And as I know, you’re thinking right now one area of sexuality has been needlessly associated
with conflict, fear, and shame in many cultures is sexual orientation.
For our purposes, sexual orientation can be defined as a relatively enduring physical
or romantic attraction to another person. Heterosexual, homosexual, and bisexual are
all types of sexual orientation. And although the field once stigmatized non-heterosexual
orientations, we now know that homosexuality and bisexuality are in no way related to mental
Psychologists are also beginning to look more in depth at other sexual orientations. For
instance, Asexuality or nonsexuality, where no sexual attraction of any kind is experienced.
In any case, whether a culture itself is friendly to or tyrannical against any of these orientations,
all types prevail. Sexual orientation is neither chosen nor changed.
So, what might cause these differences? Hopefully you already know this but it’s worth repeating.
There’s no evidence that sexual orientation is determined by things like dominating mother
or passive father or sex hormone levels in your adult body or your history of childhood
abuse or whether your parents were gay or straight. In other words, decades of research
have led most researchers to believed that once you’re born, there are no clear environmental
factors that influence your sexual orientation.
And there’s been a lot of research into possible biological components of sexual orientation,
like genetics, brain anatomy, prenatal conditions, or other things. It’s also important to know
that we’re far from understanding sexual orientation on a purely biological level. If anything,
the evidence we’ve got simply strengthens the idea that sexual orientation isn’t choice,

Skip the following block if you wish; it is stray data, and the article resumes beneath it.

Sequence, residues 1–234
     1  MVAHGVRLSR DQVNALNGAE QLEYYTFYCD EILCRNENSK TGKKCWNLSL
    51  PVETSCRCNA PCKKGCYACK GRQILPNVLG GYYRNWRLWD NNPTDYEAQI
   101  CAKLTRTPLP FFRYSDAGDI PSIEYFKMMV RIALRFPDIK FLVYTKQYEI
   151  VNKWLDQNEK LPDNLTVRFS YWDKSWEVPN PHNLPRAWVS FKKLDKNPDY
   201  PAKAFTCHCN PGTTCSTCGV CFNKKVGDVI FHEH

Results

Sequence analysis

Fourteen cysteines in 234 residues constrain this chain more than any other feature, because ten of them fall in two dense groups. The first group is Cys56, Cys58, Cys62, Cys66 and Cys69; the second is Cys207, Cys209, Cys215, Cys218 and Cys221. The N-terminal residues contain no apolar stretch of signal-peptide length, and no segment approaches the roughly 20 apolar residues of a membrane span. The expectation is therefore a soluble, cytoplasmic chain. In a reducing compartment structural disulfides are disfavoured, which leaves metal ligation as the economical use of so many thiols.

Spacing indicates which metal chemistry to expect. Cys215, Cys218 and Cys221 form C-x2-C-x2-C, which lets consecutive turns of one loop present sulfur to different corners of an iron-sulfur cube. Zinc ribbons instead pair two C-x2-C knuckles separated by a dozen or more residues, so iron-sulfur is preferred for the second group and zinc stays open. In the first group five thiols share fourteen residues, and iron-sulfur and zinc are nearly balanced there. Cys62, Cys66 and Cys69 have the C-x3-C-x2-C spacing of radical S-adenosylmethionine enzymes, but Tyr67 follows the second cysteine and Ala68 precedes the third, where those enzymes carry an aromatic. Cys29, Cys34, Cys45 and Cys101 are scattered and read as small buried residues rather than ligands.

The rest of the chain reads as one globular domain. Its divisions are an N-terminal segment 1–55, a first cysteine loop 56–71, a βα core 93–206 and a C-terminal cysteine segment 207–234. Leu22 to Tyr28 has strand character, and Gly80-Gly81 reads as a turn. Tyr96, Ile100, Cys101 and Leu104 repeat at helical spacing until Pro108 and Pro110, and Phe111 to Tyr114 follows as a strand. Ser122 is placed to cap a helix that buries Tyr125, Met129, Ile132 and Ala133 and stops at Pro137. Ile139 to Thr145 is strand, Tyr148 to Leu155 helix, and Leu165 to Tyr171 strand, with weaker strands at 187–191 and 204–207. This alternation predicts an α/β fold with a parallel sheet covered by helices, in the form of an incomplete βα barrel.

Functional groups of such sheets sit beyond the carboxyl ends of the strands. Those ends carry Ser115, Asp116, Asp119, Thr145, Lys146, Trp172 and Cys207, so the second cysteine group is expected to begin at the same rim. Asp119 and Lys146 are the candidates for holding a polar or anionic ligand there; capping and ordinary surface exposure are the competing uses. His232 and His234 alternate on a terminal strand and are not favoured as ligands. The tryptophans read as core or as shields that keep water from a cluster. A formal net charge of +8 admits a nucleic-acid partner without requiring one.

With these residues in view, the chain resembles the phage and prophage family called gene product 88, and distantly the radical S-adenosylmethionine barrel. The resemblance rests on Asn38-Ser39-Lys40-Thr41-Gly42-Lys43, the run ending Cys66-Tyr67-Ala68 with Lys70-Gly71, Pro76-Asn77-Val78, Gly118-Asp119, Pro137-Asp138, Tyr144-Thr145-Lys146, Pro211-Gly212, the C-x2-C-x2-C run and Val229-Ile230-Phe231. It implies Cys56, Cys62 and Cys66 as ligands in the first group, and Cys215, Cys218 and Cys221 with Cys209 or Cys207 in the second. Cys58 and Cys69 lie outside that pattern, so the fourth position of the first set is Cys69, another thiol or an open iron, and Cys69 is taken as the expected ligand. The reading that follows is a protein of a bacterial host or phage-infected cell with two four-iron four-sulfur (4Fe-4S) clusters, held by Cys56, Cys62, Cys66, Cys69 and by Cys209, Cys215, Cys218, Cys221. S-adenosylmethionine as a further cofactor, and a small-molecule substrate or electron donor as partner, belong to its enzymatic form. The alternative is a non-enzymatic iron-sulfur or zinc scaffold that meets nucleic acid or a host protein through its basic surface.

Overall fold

but rather a naturally varying occurrence among human beings, like height.
After all this talk about sex, perhaps you’re wondering why we do it at all. I mean, it
feels good obviously. But the biggest function of sex goes beyond pure pleasure. In fact,
sexual intimacy serves many of life’s most basic purposes: some times procreation, but
also stress reduction, maintaining healthy relationships, social bonding, and the expression
of love, and overall fulfillment.
People say he brain is the most significant sex organ for a reason. And intimacy is often
its own reward.
Today, you learned about Alfred Kinsey’s ground breaking sex surveys, the differences between
how we define biological sex and gender identity, and about Masters and Johnson’s four-part
sexual response cycle.
We also looked at the role of sex hormones, in our development and drive, how psychological
and social factors play into sex, how we think about sexual orientation and why we have sex
in the first place.
Thanks for watching, especially to our Subbable subscribers who make crash course possible.
To find out how you can become a supporter, just go to subbable.com/crashcourse.
This episode was written by Kathleen Yale, edited by Blake de Pastino, and our consultant
is Dr. Ranjit Bhagwat. Our director and editor is Nicholas Jenkins, our sound designer is
Michael Aranda, and the graphics team is Thought Cafe.
This post was previously published on YouTube.
Photo credit: Screenshot from video.